Finance can be obtained in many different ways. As mentioned previously, your first option is usually to approach your local bank. You present a thorough and well-researched business plan, your financial advisors check it over, and they will confirm if you are eligible for a start-up loan or not. Some small businesses take the more risky approach of using companies that provide payday loans. A payday loan is designed as a short-term offer of ready cash. Initially they sound like a great idea, especially if you just need enough money to pay for appliances or equipment in order to complete your jobs. The downfall of these loans is that they sometimes leave people trapped in a cycle. You must be certain that you are able to pay the balance of the loan at the end of the month, or whichever are the agreed terms. If not, you could end up paying ridiculously high interest costs for repeated borrowing, and that will be detrimental to your business. A payday loan should only be considered as a rare back-up option when it comes to financing your business. You must be able to provide stability in order to grow your business, rather than being trapped in a cycle of debt that could lead to personal stress and the breakdown of your  company.

Another popular, and more stable, option for business finance is angel funding. This is a fairly obscure concept, only recently becoming more widespread in popular consciousness. There are lots of high-profile entrepreneurs and business owners all around the world who want to help people set up their own successful enterprises. These entrepreneurs have been there before, they have struggled and striven to get their own companies off the ground, and they understand the plight of the new business owner. Therefore, now that they are in a position to assist financially, they are open to requests from relevant people and organisations. You simply have to find the right company director or business owner for your business plan.

Angel Funding and Crowd Funding Options

Another aspect of angel funding is that lots of different people can contribute towards a project and set up a business as a group. This process is known as crowd funding, and is a continuation of the angel funding principle. Crowd funding people are those who perhaps find themselves with a little spare money and they want to invest, but they do not want to lose it in large established organisations. Instead they can join a crowd funding website or group, where they can read about business plans submitted by new entrepreneurs and potential new business owners. Again, your business plan has to be watertight. You have to sell yourself, your business, your ideas, and your vision for the future. The business plan does not simply appear in front of you. Yes, you can obtain templates from lots of Internet websites, or from your banks and even from government organisations. But the work is yours. Do it yourself, do it properly, and do it to the highest possible standard so that you have a much better chance of succeeding as an entrepreneur.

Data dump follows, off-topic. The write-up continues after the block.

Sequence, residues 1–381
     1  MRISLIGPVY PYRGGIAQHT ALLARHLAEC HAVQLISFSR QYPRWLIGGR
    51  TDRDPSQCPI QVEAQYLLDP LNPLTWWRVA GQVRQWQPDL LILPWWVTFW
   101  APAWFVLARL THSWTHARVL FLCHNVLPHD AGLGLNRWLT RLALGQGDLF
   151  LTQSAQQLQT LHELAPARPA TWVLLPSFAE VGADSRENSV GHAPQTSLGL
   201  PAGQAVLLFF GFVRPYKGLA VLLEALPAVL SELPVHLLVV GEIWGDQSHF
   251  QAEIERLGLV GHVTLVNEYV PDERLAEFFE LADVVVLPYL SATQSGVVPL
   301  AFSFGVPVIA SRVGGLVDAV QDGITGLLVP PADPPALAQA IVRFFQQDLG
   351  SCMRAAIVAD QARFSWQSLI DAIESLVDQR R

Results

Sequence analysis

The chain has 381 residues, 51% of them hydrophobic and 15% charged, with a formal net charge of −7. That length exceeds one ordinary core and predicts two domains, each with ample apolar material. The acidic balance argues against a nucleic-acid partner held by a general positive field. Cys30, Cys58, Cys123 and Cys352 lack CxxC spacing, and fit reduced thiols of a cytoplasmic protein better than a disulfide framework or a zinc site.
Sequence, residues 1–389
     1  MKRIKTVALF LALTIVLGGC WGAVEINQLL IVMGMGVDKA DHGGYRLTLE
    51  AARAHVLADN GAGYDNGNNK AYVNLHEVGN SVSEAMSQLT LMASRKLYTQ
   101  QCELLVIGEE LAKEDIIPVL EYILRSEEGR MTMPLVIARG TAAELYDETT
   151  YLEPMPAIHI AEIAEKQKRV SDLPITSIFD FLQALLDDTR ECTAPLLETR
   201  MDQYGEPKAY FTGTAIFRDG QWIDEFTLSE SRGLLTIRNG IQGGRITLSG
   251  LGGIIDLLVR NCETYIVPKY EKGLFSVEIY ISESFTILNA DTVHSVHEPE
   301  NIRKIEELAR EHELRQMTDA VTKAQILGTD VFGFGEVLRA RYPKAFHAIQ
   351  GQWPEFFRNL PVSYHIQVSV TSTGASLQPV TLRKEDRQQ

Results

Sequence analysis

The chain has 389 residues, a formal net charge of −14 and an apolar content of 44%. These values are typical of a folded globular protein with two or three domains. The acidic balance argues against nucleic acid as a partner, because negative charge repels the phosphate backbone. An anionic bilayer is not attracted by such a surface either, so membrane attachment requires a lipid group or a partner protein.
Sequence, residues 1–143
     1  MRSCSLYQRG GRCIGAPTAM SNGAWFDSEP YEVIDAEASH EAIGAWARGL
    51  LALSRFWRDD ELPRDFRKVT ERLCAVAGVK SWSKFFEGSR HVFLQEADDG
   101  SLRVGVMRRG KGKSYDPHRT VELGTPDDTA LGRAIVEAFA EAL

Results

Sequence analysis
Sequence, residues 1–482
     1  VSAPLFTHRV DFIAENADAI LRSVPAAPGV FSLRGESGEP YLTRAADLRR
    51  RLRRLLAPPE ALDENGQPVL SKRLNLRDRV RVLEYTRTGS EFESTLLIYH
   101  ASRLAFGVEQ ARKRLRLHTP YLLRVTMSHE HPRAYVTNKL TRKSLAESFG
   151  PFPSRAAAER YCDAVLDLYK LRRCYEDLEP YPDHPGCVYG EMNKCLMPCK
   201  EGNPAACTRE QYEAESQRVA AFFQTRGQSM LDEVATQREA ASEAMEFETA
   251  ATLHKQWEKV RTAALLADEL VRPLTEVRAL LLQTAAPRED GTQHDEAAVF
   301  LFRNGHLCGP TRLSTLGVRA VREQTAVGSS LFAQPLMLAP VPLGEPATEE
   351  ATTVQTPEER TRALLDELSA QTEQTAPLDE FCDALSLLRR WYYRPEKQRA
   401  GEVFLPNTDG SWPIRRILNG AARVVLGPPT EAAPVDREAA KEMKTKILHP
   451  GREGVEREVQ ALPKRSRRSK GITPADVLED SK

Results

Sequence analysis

Believe in Your Business Advisors

If the idea of writing a business plan fills you with dread, you can seek professional advice from established businesses in your area.  Yes, these companies will charge a fee for their service. Do your research, meet with the advisors, and make your own informed decisions before choosing the right people to help you. If you have already begun to write your business plan, do not be afraid to share it with your advisors or even with your legal team. They will give an honest and professional opinion on the quality of your proposal, based on their experience and knowledge. These business allies are here to help you. We can all work together, if we can only trust each other and share our talents and skills. Don’t be afraid of your business plan. Get it done, and reap the rewards that will surely follow.